Amazing holiday destination set to open borders with Australia

Noble Horvath

© Provided by Daily Mail MailOnline logo Cooped up Australia’s could soon get the opportunity to go on holiday to Japan as the country looks to ease its travel restrictions. Tokyo is in talks to reopen its borders to ten countries in November and Australia and New Zealand are at […]



a group of people standing next to a body of water: MailOnline logo


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Cooped up Australia’s could soon get the opportunity to go on holiday to Japan as the country looks to ease its travel restrictions.

Tokyo is in talks to reopen its borders to ten countries in November and Australia and New Zealand are at the top of the list, according to Japan’s Nikkei Asian Review.

With few holiday options for travellers and return flights from Australia on Skyscanner as low as $575, a trip to Japan could be just the ticket.



a group of people standing in front of a crowd: Cooped up Australia's could soon get the opportunity to go on holiday to Japan (pictured, a tourist in Tokyo)


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Cooped up Australia’s could soon get the opportunity to go on holiday to Japan (pictured, a tourist in Tokyo)



a large body of water with Mount Fuji in the background: The Asian nation is looking to ease its travel restriction, opening the door to Australians (pictured, a pagoda looks out at Mount Fuji)


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The Asian nation is looking to ease its travel restriction, opening the door to Australians (pictured, a pagoda looks out at Mount Fuji)

But the move is reliant on Australia keeping the number of coronavirus cases under control, and so far Scott Morrison’s government have showed no signs of lifting its international travel ban introduced in late March.

Currently, Australians must be granted a special government exemption to travel overseas, and vacationing isn’t on the list of permitted reasons to go abroad. 

Japan has already given the all clear for visitors with work or study permits over three months to enter the country.

Although tourism is still banned, that could soon change.

Prime Minister Yoshihide Suga recently said ‘to revitalize the economy, it is indispensable to resume international travel’.

Japan will start gradually relaxing inbound travel restrictions over the next few weeks based on the degree of infections in each country. 

Japan had issued 159 nations with a Level Three alert, urging Japanese nationals to avoid all travel.



a group of people standing in front of a large ship in the water: Japan will start gradually relaxing inbound travel restrictions over the next few weeks based on the degree of infections in each country (pictured, a tourist looks out at Mount Fuji)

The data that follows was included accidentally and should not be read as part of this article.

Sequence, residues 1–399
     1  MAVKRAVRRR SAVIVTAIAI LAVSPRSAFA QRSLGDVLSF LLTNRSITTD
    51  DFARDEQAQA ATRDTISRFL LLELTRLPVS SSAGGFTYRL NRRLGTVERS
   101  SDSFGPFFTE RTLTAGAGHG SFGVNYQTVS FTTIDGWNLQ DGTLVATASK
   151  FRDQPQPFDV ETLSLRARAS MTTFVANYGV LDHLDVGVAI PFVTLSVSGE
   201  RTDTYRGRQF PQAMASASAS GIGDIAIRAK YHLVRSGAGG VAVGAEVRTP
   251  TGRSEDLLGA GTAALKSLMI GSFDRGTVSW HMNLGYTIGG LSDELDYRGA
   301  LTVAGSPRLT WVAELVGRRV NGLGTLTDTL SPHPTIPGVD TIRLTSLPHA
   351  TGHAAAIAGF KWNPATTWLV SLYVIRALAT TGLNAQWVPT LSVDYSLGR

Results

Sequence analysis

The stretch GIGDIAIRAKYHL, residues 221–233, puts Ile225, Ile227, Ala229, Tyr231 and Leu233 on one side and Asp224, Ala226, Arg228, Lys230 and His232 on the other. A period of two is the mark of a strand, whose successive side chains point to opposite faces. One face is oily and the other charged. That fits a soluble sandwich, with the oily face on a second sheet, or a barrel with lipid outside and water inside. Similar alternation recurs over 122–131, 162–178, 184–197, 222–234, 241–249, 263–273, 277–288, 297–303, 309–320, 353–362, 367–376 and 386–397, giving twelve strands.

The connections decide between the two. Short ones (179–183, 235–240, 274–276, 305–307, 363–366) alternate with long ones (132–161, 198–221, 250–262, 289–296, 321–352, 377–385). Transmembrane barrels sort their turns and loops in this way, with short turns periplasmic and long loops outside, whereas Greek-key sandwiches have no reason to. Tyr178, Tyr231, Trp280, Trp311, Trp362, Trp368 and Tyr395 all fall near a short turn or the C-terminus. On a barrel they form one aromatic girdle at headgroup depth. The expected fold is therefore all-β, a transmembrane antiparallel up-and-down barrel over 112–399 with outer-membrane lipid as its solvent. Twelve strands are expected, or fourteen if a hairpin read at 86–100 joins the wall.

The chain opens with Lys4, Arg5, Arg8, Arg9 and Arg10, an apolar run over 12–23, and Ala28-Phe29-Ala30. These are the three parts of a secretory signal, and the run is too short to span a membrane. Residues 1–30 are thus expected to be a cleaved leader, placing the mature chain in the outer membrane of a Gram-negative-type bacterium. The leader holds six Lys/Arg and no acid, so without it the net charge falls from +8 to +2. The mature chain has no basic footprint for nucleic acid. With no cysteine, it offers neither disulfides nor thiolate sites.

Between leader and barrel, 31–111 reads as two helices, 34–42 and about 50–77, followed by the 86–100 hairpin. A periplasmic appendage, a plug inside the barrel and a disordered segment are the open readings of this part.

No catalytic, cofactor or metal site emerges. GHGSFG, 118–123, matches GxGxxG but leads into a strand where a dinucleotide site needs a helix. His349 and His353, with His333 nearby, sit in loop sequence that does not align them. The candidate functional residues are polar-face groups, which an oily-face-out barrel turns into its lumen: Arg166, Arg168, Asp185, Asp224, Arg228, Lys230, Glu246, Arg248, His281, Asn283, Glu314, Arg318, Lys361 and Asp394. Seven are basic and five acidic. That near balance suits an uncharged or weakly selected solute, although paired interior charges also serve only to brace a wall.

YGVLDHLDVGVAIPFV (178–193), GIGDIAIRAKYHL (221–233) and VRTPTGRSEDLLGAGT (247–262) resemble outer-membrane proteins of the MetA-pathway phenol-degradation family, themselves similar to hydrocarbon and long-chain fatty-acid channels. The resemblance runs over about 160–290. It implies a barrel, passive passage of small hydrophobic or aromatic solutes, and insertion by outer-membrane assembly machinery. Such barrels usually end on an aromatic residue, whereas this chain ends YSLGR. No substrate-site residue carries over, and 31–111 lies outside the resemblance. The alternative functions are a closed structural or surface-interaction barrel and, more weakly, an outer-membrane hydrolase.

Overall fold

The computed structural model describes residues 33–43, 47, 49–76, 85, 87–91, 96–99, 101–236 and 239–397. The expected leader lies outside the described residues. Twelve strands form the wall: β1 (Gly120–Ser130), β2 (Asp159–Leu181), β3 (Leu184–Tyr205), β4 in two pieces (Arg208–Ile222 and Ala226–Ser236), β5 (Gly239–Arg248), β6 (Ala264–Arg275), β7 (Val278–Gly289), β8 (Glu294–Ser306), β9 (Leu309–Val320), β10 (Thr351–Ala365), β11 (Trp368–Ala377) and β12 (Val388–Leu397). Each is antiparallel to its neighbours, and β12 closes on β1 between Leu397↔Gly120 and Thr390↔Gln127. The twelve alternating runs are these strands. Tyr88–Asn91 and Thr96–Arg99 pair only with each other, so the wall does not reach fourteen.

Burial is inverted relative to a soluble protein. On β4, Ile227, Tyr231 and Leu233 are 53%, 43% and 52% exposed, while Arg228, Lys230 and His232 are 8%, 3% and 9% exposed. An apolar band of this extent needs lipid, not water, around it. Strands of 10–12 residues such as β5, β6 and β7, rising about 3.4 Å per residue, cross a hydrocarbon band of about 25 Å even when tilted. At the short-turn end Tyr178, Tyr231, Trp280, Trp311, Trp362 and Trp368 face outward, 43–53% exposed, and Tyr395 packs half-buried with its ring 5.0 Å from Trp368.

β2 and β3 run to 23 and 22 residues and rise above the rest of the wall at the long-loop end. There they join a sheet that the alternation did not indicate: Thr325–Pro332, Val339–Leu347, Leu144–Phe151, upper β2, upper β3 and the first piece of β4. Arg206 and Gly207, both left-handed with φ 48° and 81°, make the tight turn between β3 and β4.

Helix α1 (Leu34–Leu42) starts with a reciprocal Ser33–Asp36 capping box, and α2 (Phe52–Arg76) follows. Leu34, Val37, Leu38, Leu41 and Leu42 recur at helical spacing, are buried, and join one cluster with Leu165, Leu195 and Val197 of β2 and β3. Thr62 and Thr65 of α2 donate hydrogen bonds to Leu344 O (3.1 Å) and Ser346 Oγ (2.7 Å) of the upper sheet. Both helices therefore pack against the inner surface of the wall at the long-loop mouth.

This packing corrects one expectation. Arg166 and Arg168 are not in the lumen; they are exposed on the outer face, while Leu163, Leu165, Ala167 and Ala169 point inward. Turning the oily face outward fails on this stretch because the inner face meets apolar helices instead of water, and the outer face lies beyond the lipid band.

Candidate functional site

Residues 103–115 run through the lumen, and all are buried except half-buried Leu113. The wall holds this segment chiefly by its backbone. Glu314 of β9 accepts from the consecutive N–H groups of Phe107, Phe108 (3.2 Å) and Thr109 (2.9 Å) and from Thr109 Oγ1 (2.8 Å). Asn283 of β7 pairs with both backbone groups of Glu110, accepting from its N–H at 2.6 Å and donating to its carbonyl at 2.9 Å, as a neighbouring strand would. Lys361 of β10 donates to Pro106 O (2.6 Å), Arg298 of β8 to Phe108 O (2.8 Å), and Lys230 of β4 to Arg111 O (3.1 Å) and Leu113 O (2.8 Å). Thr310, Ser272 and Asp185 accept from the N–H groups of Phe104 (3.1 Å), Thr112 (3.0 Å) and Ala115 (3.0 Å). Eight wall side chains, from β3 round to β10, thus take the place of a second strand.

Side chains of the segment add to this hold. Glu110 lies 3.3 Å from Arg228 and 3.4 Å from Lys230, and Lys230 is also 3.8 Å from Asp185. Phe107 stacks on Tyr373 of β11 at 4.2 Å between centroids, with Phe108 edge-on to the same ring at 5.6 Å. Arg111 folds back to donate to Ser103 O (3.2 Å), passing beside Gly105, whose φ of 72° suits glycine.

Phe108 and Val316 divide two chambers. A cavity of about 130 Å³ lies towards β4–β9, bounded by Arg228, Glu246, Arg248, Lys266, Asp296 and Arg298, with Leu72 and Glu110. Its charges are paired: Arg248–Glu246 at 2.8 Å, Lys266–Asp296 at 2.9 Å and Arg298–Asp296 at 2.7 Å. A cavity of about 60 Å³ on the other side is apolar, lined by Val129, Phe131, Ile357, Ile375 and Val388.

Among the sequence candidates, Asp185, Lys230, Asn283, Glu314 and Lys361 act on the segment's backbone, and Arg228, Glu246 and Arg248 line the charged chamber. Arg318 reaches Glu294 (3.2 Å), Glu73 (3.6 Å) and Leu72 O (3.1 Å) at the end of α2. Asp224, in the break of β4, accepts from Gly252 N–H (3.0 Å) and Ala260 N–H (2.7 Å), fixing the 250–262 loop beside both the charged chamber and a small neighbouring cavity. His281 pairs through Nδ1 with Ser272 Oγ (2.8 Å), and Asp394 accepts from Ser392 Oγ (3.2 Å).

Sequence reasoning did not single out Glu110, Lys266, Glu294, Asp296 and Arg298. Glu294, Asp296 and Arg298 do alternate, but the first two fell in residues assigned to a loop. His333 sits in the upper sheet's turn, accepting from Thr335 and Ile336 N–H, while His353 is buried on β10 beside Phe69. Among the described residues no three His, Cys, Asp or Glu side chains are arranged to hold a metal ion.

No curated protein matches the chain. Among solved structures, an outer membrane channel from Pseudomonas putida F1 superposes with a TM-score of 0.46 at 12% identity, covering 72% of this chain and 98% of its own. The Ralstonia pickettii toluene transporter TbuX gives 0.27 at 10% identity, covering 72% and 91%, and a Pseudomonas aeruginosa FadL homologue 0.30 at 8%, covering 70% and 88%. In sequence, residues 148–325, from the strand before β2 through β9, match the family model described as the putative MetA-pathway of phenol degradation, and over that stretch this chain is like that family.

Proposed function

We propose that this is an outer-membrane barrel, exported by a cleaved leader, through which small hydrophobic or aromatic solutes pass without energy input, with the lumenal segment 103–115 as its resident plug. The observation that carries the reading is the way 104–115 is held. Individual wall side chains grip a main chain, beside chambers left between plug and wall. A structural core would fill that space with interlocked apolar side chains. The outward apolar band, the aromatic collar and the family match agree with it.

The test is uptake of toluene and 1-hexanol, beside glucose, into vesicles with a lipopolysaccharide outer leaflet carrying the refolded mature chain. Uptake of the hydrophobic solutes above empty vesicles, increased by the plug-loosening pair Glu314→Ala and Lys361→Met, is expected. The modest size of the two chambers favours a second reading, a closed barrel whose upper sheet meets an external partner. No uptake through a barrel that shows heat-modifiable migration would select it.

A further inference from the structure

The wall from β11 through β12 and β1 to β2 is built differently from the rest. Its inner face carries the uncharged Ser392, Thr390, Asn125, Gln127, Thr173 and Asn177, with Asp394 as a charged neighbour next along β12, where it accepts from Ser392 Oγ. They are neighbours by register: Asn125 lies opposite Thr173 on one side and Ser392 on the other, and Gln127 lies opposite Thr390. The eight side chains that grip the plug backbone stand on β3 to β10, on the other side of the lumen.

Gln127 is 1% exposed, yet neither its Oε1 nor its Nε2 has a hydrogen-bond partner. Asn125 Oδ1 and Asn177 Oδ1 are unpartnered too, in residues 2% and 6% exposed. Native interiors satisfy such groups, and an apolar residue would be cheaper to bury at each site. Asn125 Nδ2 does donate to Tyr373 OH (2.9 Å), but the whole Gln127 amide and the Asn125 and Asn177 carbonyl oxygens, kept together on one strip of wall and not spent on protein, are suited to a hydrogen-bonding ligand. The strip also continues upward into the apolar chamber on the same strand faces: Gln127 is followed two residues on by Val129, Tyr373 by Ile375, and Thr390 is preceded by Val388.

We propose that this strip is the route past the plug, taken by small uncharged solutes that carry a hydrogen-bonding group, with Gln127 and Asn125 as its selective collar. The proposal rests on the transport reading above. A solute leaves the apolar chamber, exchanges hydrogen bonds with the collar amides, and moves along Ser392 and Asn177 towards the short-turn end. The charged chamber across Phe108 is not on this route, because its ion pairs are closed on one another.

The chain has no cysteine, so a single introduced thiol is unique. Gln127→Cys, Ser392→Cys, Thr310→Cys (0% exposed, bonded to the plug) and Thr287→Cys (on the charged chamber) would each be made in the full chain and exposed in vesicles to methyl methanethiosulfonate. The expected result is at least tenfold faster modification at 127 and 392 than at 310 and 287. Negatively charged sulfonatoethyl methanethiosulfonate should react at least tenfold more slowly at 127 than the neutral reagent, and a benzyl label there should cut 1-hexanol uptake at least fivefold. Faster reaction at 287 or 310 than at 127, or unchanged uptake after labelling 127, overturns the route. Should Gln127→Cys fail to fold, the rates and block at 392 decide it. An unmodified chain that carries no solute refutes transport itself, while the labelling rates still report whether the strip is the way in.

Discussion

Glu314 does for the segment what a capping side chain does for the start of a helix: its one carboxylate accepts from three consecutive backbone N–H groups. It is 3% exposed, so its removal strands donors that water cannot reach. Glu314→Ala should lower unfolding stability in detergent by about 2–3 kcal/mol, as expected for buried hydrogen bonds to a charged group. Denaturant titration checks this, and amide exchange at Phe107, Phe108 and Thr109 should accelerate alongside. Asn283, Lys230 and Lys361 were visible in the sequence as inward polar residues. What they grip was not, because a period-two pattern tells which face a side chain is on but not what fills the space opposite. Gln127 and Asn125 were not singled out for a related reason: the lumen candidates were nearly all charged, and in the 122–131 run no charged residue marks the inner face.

© Provided by Daily Mail
Japan will start gradually relaxing inbound travel restrictions over the next few weeks based on the degree of infections in each country (pictured, a tourist looks out at Mount Fuji)



a group of people walking on a city street: Japan had issued 159 nations with a Level Three alert, urging Japanese nationals to avoid all travel, but ten nations will have that warning dropped to Level Two (pictured, visitors line the street in Yokohama)


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Japan had issued 159 nations with a Level Three alert, urging Japanese nationals to avoid all travel, but ten nations will have that warning dropped to Level Two (pictured, visitors line the street in Yokohama)

But from November, countries with few active cases per population will have the alert dropped to Level Two.

Although Japanese nationals are urged to avoid non-essential travel under a Level Two alert, and are still required to undergo 14 days of quarantine upon returning – the government see it as a step in the right direction.

The hope is that other nation’s like Australia will reciprocate their travel advice, eventually creating a ‘travel bubble’ of COVID-safe nations.   

‘We will start relaxing entry restrictions by looking at the situation of infections in each country and also considering the degree of need (for travel),’ economic revitalization minister Yasutoshi Nishimura said at a press conference.

Japan is eager to get international travel back underway ahead of the Tokyo Olympic Games which were postponed due to the pandemic in July.

Last year about 515,000 Australians visited Japan to take in the Asian nation’s mega cities, sacred mountains, pristine coastline and vibrant culture.          



a view of a forest: The Japanese government hope other nation's like Australia will reciprocate their travel advice, eventually creating a 'travel bubble' of COVID-safe nations (pictured, a hear shaped lake in Hokkaido, Japan)


© Provided by Daily Mail
The Japanese government hope other nation’s like Australia will reciprocate their travel advice, eventually creating a ‘travel bubble’ of COVID-safe nations (pictured, a hear shaped lake in Hokkaido, Japan)



a large body of water: Last year about 515,000 Australians visited Japan to take in the Asian nation's mega cities, sacred mountains, pristine coastline and vibrant culture (pictured, a beautiful waterway in Hokkaido, Japan)


© Provided by Daily Mail
Last year about 515,000 Australians visited Japan to take in the Asian nation’s mega cities, sacred mountains, pristine coastline and vibrant culture (pictured, a beautiful waterway in Hokkaido, Japan)


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